Children (WISC) and supervised the standardization of the revised version-the WISC-R. He also collaborated with Dorothea Mc-
Carthy in the development and standardization of the McCarthy
Scales of Children's Abilities. From the mid-1970s to the present,
Kaufman has held several university positions prior to his current professorship at Yale, most notably at the University of Georgia
(1974-1979) and the University of Alabama (1984-1995). Kaufman's texts, including Intelligent Testing With the WISC-R (1979),
Assessing Adolescent and Adult Intelligence (1990), and Intelligent Testing
With the WISC-III (1994), have been widely used for the interpretation of Wechsler's scales for children, adolescents, and adults.
In 2009 he coauthored Essentials of WAIS-IV Assessment (with Liz
Lichtenberger) and the second edition of Essentials of WISC-IV Assessment
(with Dawn Flanagan). Kaufman's tests, developed with his wife Nadeen-most notably the 1983 Kaufman Assessment
Battery for Children (K-ABC) and its 2004 revision (KABC-II)-
have been widely used throughout the world to measure children's intelligence. Kaufman is a Fellow of four divisions of the American
Psychological Association (APA) and of the Association for Psychological
Science (APS) and is a recipient of the Mensa Education and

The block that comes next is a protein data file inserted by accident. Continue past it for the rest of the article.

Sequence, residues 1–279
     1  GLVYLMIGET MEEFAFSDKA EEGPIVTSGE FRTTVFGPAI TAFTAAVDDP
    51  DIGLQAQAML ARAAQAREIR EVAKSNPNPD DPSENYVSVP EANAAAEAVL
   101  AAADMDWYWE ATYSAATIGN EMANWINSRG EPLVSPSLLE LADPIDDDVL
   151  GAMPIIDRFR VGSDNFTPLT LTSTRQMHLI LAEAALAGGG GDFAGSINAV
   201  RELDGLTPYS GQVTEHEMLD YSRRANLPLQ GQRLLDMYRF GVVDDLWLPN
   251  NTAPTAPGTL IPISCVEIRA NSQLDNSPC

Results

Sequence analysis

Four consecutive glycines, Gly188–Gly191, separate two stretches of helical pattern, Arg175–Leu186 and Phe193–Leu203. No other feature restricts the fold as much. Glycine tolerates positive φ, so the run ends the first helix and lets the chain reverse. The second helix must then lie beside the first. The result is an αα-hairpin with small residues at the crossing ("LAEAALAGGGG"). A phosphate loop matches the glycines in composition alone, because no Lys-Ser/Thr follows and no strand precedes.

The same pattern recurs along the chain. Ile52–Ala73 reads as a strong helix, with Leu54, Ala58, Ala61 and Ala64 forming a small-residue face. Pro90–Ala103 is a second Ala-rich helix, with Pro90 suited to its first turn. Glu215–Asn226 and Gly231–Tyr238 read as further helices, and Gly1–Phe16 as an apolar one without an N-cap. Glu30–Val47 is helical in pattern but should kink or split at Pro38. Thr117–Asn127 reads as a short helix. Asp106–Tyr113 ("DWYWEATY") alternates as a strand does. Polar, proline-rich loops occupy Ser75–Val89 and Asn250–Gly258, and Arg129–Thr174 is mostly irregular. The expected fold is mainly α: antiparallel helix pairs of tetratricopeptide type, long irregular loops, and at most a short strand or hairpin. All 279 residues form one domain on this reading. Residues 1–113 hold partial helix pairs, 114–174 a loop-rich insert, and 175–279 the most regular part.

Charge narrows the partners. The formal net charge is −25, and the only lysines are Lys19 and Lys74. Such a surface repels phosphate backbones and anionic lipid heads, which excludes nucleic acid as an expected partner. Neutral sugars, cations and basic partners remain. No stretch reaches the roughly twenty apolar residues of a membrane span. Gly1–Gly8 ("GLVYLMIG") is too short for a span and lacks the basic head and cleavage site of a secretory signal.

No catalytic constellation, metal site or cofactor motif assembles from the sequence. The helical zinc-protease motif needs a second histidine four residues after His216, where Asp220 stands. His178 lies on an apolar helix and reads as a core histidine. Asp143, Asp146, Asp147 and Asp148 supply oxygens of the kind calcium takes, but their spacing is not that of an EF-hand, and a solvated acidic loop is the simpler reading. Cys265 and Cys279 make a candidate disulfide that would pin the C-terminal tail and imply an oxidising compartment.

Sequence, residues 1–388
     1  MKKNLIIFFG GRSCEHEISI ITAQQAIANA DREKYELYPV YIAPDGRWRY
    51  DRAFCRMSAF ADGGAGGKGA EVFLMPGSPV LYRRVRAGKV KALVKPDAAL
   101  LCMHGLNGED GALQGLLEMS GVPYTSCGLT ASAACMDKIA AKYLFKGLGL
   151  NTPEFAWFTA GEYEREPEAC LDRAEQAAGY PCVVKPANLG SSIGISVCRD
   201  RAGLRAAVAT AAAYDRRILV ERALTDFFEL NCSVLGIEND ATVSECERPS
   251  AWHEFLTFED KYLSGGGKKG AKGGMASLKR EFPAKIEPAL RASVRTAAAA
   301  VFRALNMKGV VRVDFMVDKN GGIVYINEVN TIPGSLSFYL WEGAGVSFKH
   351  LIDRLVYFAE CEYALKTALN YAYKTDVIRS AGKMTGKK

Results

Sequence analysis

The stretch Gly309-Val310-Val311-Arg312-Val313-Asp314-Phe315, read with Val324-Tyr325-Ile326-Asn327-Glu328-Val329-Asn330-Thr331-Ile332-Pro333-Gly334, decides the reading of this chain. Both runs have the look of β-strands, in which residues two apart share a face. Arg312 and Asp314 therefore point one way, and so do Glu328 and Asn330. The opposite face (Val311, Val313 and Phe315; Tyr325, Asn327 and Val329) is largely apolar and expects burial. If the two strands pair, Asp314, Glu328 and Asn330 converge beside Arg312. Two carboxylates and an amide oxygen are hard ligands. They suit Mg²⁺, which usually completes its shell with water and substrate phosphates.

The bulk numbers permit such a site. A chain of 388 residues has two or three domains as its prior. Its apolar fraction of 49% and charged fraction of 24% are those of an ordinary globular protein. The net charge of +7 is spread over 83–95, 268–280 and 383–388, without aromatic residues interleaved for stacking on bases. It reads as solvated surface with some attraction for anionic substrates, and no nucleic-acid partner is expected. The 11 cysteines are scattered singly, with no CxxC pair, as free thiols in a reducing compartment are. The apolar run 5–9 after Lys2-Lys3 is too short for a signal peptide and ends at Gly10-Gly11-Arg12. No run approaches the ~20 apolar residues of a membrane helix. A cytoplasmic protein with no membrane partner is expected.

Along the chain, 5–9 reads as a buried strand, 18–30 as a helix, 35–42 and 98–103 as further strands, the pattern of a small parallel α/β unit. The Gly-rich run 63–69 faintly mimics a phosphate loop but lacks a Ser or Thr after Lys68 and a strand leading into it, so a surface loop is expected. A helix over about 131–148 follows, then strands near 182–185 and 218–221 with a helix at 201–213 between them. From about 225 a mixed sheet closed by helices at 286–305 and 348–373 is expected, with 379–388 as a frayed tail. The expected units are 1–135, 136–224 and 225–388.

Research Foundation Award for Excellence (1989) and the Mid-
South Educational Research Association Outstanding Research
Award (1988 and 1993). In 1997, he received the APA's prestigious
Senior Scientist Award from Division 16 (School Psychology), and in 2005 he delivered the Legends in School Psychology Annual Address to the National Association of School Psychologists (NASP).

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Table of Contents

Chapter 1 Why Would Anyone Want to Read a Book About IQ Testing?

Chapter 2 History, Part 1: Who Invented the IQ Test?

Chapter 3 History, Part 2: At Long Last—Theory Meets Practice

Chapter 4 The IQ Construct, Part 1: We All Know What IQs Are—Don’t We?

Chapter 5 The IQ Construct, Part 2: How Accurate Are IQ Tests?

Chapter 6 Hot Topic: Is IQ Genetic?

Chapter 7 Hot Topic: Are Our IQs “Fixed” or Are They “Malleable”?

Chapter 8 Hot Topic—IQ and Aging: Do We Get Smarter or Dumber as We Reach Old Age?

Chapter 9 Hot Topic—IQ Tests in the Public Forum: Lead Level, Learning Disabilities, and IQ

Chapter 10 The Future of IQ Tests